Friday, November 24, 2006
Orin writes in response to my turkey awards:
"Jeff, is "privilege protecting" some kind of MoneyLaw code-word for things that you find personally annoying?"
Not exactly, Orin. Just to stress the difference, here are things that I find "personally" annoying but have not included in the list of Top Turkeys:
1. Faculty and students talking on cell phones outside my office door.
2. Faculty who leave the board in the room I am going to teach in covered with their notes.
3. People who gossip carelessly without any thought to the damage caused.
4. Really awful art in law school public places.
5. People who take up two spots in the parking lot.
See, Orin, these are annoying things but they do not seem to me to have all that much impact on the capacity of a law school to give stakeholders a fair deal.
My theory is that being a law professor is a privilege largely enjoyed by children of privilege who have developed a sense of entitlement. This sense of entitlement results in a massive network of norms that have far more to do with protecting their privileged existences -- many of which are in my top ten list to which you responded-- than observing their fiduciary obligations to students, contributors, and the community.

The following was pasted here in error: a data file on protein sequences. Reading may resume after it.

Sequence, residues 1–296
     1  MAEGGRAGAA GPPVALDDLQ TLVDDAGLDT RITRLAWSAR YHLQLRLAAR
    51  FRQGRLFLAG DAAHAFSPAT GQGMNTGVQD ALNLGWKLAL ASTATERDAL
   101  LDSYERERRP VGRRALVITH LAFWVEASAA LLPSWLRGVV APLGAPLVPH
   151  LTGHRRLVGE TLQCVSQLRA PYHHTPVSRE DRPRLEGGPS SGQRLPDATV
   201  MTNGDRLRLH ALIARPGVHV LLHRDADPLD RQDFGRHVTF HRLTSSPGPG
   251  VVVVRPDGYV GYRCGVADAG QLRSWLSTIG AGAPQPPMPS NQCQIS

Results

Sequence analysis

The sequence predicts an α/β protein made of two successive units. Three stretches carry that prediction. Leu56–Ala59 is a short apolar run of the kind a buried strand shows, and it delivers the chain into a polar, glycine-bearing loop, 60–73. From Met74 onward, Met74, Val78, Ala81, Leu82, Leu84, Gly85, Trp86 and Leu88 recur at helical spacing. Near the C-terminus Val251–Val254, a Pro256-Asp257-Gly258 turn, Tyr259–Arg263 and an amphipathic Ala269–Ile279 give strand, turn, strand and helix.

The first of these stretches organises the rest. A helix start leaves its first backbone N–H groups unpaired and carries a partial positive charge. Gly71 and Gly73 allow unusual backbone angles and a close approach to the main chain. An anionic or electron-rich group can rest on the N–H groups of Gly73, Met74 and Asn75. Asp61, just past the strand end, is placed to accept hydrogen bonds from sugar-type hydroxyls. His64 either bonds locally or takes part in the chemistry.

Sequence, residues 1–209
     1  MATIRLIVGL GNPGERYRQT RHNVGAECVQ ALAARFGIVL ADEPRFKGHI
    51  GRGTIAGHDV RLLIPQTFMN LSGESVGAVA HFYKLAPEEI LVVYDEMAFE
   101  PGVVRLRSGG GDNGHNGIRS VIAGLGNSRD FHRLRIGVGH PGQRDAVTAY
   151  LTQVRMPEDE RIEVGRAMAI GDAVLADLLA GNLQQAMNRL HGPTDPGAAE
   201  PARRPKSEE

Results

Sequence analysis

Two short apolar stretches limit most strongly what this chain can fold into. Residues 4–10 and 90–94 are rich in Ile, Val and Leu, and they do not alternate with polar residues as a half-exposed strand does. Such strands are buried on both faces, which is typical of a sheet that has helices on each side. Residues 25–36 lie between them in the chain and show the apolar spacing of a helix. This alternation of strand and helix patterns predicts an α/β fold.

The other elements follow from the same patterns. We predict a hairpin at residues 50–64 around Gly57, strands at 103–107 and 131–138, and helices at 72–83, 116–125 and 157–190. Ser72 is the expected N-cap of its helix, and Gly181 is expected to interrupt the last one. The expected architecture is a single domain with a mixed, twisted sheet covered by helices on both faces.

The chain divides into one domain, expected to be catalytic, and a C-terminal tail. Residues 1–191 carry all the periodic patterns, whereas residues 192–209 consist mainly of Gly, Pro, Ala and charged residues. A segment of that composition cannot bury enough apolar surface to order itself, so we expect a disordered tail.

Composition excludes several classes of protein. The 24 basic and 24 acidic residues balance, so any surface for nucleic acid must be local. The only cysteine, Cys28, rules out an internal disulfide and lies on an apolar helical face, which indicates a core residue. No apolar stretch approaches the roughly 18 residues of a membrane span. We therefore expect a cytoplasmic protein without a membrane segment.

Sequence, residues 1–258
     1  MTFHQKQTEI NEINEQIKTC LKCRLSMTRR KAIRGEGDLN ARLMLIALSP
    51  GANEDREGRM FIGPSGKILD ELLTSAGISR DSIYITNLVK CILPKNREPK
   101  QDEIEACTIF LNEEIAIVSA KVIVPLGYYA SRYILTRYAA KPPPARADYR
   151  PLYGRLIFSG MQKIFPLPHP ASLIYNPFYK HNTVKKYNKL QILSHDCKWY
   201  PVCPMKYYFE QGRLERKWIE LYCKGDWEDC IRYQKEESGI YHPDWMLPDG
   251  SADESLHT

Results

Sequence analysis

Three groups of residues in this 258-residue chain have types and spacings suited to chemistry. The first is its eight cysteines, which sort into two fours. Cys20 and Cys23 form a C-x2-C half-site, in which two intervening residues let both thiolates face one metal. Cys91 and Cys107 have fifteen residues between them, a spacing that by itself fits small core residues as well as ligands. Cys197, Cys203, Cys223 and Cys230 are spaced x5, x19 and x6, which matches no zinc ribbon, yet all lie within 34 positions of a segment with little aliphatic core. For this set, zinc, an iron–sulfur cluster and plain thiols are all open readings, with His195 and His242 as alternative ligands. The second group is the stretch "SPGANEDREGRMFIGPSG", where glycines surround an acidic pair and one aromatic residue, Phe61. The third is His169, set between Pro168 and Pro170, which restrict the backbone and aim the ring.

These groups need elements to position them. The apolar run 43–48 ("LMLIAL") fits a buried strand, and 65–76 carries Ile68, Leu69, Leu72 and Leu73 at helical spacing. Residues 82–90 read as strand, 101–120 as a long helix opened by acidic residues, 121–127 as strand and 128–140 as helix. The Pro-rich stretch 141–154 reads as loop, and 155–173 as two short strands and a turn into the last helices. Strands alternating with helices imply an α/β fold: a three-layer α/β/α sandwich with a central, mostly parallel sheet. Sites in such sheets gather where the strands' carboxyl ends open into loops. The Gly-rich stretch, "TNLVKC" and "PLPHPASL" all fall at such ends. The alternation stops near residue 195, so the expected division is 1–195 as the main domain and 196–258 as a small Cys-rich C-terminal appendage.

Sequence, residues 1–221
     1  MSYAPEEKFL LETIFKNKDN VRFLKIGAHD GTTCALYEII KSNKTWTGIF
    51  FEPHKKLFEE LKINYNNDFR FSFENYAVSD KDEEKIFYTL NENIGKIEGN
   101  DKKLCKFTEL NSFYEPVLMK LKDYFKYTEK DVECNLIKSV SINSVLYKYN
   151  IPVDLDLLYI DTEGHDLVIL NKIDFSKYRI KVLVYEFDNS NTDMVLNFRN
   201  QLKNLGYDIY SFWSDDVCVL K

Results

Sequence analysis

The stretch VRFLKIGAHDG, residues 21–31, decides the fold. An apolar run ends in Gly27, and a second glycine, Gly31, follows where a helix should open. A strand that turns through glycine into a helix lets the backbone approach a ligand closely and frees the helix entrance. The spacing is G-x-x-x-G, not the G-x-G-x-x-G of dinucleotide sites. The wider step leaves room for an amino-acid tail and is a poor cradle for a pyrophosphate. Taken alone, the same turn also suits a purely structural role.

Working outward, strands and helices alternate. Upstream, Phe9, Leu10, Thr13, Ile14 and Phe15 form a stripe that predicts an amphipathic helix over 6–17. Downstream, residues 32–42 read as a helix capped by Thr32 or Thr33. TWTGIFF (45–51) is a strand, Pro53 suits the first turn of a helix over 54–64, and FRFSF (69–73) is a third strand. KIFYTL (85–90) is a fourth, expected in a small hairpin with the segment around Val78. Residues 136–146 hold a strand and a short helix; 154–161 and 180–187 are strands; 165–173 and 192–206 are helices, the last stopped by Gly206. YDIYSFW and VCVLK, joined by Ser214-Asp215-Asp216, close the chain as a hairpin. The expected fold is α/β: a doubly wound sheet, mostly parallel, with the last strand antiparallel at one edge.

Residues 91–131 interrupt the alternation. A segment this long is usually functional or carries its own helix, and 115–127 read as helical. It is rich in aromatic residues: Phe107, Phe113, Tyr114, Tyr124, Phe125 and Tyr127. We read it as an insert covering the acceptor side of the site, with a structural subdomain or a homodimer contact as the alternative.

"Annoying" does not quite capture how I feel about those things. It is more like wondering what the distinction is, morally that is, between those privileged faculty and folks doing time for embezzlement.
There is an important qualifier. Even at failing law schools there are many, maybe a majority, of faculty who are not part of the problem in a direct sense. But the informally, but well organized, block sets the norms.
I hope that clears things up for you and others who have not followed the thread.